Gambia will not be jailing of some perpetrators of human rights violations in the former regime to strongly encourage truth-telling about past abuses, the West African nation’s Attorney General, Aboubacarr Tambadou said.
“The simple reality is that we may not be able to prosecute everyone who was involved in alleged State sanctioned crimes over the past 22 years….Hard choices and difficult decisions will have to be made,” according to Tambadou.
” There will be justice for everyone but justice can come in many different forms. It is not only about punitive sanctions against perpetrators. It also includes restoring, to the extent possible, the shattered lives of victims and their loved ones.”
Gambia emerged from more than two decades of brutal autocratic rule, in which many citizens have suffered abuses in the hands of the regime led by former army lieutenant, Yahya Jammeh.
The new government has pledged to establish a truth commission to probe allegations of human rights abuses and have conducted a study tour in Sierra Leone, which had a similar duty.
AG Tambadou said authorities want to ensure documentation of an accurate historical record of past abuses “so that appropriate lessons can be learned in order to put in place mechanisms to prevent recurrence.”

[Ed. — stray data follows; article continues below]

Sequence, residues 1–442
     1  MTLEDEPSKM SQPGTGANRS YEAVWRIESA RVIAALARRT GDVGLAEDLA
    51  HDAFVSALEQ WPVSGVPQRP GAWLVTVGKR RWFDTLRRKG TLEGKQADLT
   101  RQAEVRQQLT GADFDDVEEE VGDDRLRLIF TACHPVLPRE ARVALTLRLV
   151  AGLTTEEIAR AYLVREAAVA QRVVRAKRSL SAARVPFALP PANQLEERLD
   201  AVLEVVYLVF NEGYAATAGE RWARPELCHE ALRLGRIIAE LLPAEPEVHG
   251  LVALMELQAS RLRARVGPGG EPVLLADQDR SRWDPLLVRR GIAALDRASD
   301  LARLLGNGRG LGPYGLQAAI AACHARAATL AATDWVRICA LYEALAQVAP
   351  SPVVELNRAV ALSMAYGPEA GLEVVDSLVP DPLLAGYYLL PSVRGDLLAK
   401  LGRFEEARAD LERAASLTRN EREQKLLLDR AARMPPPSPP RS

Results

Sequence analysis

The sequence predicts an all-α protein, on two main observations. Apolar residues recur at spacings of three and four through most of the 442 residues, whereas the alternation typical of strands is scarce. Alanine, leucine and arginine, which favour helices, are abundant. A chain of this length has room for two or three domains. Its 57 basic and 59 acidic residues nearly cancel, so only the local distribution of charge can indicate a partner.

“If we want to avoid going back to that kind of governance environment in future, we must conduct a post-mortem of the past to understand how we got to this point in the first place…. We would like to know how the infrastructure of terror was created,” he said.
“That is why perpetrators must tell the whole truth. In order to encourage them to do so, there will have to be some kind of benefit for them. This may take many forms, including guarantees against future prosecution in appropriate cases.”
The Gambia’s Justice Department chief has warned perpetrators, who do not come forward to share their experiences with the Commission that they would face prosecution should there be credible evidence of their involvement in any abuses.
UN rights chief reminded Gambia’s new leadership that the world body those not tolerate amnesty for major crimes, including gross human rights violations, warning that amnesty can undermine the state’s obligation to investigate and prosecute crimes.
Although activists may frown upon giving amnesty to some perpetrators, not having some prosecuted is part of the workings of a truth commission and Tambadou says he is cognizant that not everyone will be fully satisfied with the outcome of this process.
“It is a process tried and tested in many parts of the world and is generally regarded as the best possible outcome for sustainable peace in an extremely challenging situation such as ours,” he said.